Horst Koehler

Horst Koehler

President of Germany (2004-10) and Managing Director of the IMF (2000-04)

Economics & Finance, Government & Politics

  • Topics: Economics, Finance, Globalisation, Africa
  • Languages: English, German
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Subjects

  • Global Economics
  • International Finance
  • Europe and the Euro
  • Monetary Policy
  • Regulation and Risk

Horst Köhler is an accomplished economist and international statesman. He was President of Germany from 2004-10 and Managing Director of the IMF between 2000 - 2004.

Köhler was the eight Managing Director of the IMF. Shortly after taking office in 2000 he established the Financial Sector Review Group to provide an independent perspective on the IMF's work on international financial markets. On the group's recommendations, Köhler created the International Capital Markets Department, a unit to anticipate and head off financial crises in countries to which the fund makes loans. Among his accomplishments were overseeing debt crises in Brazil and Turkey and expanding debt relief for the world's poorest countries.

Upon his departure from the IMF, Köhler was elected to his first five-year term as President of Germany by the Federal Assembly on 23 May 2004 and was subsequently inaugurated on 1 July 2004. He was re-elected to a second term on 23 May 2009, but resigned a year later.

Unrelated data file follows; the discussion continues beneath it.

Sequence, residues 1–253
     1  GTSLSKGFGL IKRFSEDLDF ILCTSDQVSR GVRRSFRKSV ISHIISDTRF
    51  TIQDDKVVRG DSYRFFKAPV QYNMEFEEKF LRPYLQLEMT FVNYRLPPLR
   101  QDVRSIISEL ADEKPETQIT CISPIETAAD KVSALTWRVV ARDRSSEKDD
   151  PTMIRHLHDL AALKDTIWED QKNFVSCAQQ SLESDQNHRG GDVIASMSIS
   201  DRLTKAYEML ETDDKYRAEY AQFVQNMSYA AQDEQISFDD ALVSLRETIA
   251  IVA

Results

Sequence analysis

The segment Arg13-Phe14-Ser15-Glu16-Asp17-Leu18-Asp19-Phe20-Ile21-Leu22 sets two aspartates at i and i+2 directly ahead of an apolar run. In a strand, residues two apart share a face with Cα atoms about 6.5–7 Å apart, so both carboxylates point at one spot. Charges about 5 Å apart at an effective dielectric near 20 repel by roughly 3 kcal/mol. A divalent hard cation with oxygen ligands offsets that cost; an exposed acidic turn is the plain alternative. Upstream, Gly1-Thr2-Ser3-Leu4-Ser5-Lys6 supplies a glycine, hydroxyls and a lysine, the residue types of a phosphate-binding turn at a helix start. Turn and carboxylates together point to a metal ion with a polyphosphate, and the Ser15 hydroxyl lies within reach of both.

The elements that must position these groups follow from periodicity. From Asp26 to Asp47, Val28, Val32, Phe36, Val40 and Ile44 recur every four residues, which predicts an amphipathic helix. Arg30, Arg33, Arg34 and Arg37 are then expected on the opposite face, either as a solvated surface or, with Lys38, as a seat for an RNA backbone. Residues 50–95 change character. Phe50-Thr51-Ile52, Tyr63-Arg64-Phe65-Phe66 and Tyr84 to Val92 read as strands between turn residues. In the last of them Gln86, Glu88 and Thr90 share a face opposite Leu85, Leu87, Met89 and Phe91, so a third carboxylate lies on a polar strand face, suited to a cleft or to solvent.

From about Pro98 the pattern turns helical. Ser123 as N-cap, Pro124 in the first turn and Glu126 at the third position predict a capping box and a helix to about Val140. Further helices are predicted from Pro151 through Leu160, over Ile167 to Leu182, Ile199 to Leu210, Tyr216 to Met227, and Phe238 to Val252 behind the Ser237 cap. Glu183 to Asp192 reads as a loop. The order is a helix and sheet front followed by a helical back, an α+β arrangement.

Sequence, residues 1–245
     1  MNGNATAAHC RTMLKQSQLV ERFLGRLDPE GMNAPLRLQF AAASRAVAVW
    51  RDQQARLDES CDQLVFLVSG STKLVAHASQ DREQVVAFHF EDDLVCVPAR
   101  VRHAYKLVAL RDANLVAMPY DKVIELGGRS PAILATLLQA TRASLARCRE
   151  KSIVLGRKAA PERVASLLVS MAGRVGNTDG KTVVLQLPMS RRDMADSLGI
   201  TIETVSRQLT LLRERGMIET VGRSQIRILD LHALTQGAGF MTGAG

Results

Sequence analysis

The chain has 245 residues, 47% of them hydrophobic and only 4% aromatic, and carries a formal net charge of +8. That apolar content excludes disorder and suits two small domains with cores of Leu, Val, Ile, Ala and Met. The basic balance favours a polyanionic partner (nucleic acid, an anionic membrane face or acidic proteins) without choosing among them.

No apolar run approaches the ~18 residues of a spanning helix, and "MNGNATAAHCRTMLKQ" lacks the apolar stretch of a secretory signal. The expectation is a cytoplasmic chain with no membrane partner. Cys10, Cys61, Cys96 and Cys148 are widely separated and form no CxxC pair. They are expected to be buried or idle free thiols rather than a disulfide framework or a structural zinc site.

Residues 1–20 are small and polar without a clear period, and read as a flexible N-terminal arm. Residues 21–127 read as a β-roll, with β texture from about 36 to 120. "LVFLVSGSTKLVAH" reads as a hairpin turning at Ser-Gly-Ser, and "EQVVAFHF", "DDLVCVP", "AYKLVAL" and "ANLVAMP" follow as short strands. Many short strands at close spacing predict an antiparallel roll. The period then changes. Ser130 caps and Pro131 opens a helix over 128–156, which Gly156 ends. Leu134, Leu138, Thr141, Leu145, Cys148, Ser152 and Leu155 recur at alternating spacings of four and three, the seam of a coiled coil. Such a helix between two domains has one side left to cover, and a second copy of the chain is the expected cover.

Following his departure from the Presidency, between 2010 and 2011, Köhler served as member of the Palais Royal Initiative, a group convened by Michel Camdessus, Alexandre Lamfalussy and Tommaso Padoa-Schioppa to reform the international monetary system. From 2012 to 2013, Köhler served – alongside Ellen Johnson Sirleaf, David Cameron – on the High-level Panel on Post-2015 Development Agenda, an advisory board established by United Nations Secretary-General Ban Ki-moon to develop the global development agenda beyond 2015, the target date for the Millennium Development Goals.

Köhler is an economist by profession. Prior to his time at the IMF and election as President, he had a distinguished career in politics, the civil service and as a banking executive. From 1990-93, he served as Germany’s Deputy Minister of Finance, being responsible for international financial and monetary relations. During this time, he led negotiations on behalf of the German government on the agreement that became the Maastricht treaty on European Economic and Monetary Union. He was also closely involved in the process of German unification, and held the position of Deputy Governor for Germany at the World Bank. From 1993-98 he served as President of the Association of savings banks in Germany, Deutscher Sparkasse und Giroverband. He was President of the European Bank for Reconstruction and Development based in London from 1998-2000.



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